Transit Trauma


I don’t own a car. I take public transit everywhere. Generally it works out pretty well, but I wanted to share a few experiences I had recently….

Last week I spent an afternoon Downtown. I had an important meeting that night, and I figured I’d get on the subway at five, which would leave me an hour to make it back to Hollywood. Should’ve been plenty of time. The Red Line arrived just after five and I got on board. But apparently the brakes on that train had locked up, and after ten minutes the conductor still hadn’t been able to resolve the problem.

I had to make it back to Hollywood by six. Now I had forty five minutes, and it seemed unlikely that a bus travelling at rush hour would get me home in time. So I ended up taking a cab, which cost me twenty five bucks, plus tip.

Monday morning I was heading out to the Panorama City, a trip that takes three busses. Unfortunately, at one of my connecting points, I saw the bus I needed speeding past when I was still a block from the stop. It was five minutes early. I had to wait for the next one, which made me fifteen minutes late.

And then there was Wednesday morning. I got to the Red Line station at Hollywood and Highland. I was waiting on the platform when a voice came over the PA saying that there was no service to the North Hollywood station. Due to a power outage, the trains were only running to Universal City. Immediately I tried to think of other options, but there’s only one bus that goes to North Hollywood and it doesn’t run often. I glanced at the monitor above me to check the time. But the monitor wasn’t working.

I ended up getting on the train to Universal City. Once we arrived, it turned out the escalator to street level was out of order. Actually, it’s pretty common for escalators and elevators serving the subways to be out of commission. This morning it meant that the mass of people climbing the stairs had to contend with the people going down the stairs at the same time.

At Universal I had to get on the 224, which was packed to capacity, to get to North Hollywood. I felt like I was riding in a cattle car. At North Hollywood I got on the Orange Line, which was also packed to capacity, to make the trip out to Van Nuys. Amazingly, I was only fifteen minutes late.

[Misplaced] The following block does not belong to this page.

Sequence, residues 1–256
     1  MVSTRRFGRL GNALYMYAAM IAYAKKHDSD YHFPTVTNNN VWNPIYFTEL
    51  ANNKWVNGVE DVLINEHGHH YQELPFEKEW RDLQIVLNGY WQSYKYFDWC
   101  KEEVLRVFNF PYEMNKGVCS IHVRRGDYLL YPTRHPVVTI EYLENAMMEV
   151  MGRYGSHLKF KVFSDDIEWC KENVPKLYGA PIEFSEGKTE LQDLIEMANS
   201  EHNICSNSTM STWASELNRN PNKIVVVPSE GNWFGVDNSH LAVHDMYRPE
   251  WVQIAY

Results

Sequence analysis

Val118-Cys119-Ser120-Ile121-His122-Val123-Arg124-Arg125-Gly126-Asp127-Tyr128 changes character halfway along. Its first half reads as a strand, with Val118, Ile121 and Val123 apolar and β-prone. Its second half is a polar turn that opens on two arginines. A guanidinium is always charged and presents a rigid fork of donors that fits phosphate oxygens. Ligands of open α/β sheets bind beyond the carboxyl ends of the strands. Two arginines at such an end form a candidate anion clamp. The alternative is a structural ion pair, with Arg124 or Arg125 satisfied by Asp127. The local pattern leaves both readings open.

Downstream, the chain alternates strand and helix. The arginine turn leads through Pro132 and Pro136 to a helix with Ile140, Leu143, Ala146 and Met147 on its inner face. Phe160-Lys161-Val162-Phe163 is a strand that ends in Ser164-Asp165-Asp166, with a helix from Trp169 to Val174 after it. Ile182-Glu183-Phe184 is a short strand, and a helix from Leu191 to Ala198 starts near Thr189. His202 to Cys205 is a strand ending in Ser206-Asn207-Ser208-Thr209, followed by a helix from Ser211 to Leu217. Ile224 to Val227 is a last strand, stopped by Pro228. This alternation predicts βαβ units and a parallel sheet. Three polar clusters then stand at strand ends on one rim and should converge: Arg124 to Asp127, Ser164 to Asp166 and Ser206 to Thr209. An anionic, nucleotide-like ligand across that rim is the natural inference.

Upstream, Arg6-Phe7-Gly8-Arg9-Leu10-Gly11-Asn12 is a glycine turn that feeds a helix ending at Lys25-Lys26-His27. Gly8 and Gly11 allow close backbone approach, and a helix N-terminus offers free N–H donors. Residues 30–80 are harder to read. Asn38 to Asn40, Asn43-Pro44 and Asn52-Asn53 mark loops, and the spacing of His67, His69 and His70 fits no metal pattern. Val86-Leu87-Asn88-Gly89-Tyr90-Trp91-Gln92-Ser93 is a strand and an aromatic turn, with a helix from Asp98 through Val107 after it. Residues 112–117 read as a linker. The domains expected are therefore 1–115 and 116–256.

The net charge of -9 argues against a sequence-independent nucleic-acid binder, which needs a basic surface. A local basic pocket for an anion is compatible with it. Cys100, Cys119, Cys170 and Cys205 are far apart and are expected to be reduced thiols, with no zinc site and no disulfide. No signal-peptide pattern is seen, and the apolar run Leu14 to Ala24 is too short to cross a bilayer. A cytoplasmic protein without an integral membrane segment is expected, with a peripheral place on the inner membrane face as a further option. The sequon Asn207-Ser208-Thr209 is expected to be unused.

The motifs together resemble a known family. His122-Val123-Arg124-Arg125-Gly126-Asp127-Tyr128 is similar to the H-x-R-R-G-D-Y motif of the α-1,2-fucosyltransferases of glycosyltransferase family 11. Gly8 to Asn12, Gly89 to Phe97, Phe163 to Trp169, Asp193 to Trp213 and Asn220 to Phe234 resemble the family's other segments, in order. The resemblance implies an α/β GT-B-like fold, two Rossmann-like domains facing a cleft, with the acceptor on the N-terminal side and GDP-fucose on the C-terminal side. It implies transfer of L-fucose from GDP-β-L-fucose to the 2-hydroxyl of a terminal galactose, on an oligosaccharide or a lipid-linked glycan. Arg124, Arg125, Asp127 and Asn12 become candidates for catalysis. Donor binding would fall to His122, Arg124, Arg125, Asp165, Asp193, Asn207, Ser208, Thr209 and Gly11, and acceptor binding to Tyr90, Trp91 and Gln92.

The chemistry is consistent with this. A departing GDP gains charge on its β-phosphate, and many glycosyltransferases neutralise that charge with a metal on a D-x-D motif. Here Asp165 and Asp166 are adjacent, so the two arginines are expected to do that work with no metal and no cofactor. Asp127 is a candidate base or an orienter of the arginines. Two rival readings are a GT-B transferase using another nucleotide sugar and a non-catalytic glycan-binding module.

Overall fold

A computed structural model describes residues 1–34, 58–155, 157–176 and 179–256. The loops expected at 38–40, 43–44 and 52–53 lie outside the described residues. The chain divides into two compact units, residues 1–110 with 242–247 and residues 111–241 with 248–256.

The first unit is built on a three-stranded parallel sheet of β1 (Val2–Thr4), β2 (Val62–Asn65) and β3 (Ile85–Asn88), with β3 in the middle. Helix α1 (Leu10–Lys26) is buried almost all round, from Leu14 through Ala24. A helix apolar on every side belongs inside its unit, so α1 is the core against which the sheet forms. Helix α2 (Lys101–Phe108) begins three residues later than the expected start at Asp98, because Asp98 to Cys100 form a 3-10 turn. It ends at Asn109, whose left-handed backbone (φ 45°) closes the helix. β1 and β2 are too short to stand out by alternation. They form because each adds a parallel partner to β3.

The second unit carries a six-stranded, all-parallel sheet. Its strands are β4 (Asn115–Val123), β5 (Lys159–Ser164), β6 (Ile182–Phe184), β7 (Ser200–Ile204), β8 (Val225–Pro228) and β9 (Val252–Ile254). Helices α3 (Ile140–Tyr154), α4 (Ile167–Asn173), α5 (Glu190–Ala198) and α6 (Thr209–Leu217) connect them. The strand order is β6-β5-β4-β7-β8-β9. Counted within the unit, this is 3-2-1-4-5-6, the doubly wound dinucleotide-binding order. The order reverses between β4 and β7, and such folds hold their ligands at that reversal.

Now I’m not bringing all this up because I want to slag public transit. I like public transit. I definitely prefer it to driving. It’s way cheaper and way less stressful. And most of the time it gets me where I want to go more or less reliably. But I have some serious questions about the direction the MTA is taking things.

In September the MTA raised fares. A day pass went from $5 to $7, and a monthly pass went from $75 to $100, a 40% increase and a 33% increase respectively. I realize that this is the first fare hike in four years, and that the MTA is running a substantial deficit. I also realize that tickets only cover about 28% of operating costs, and that anything less than 33% can jeopardize federal funding. But these are still huge hikes. And the while the MTA has postponed further fare increases for the moment, you can be sure they’re coming. On top of that, the Daily News reports that the MTA is considering further service cuts, even though they’ve already cut hundreds of thousands of service hours in the last few years. Here’s the article.

Fare Hikes Won’t Fix Agency’s Deficit

So here’s what worries me. The MTA seems determined to continue raising fares and cutting service as it struggles to resolve its financial difficulties. I have to ask if this is really going to encourage Angelenos to ride busses and trains. I hear a lot of talk about how people have to abandon cars and embrace public transit, but this course of action seems guaranteed to drive people away. That’s already happened with Metrolink. For the last few years Metrolink ridership has been declining, and customers have cited rising costs and declining service as the reason they’ve gone back to using their cars.

The Mayor and the MTA Board have put Los Angeles on the fast track when it comes to building new transit projects, which sounds good in theory. But these hugely expensive projects are years away from completion, and the MTA seems unable to even maintain current levels of service.

There’s something really wrong here. If the MTA wants us to believe that they’re going to be able to manage a vastly expanded transit system, they need to do a better job of managing the system we’ve got now. Otherwise, instead of attracting new riders, they’re going to lose the ones they’ve got.

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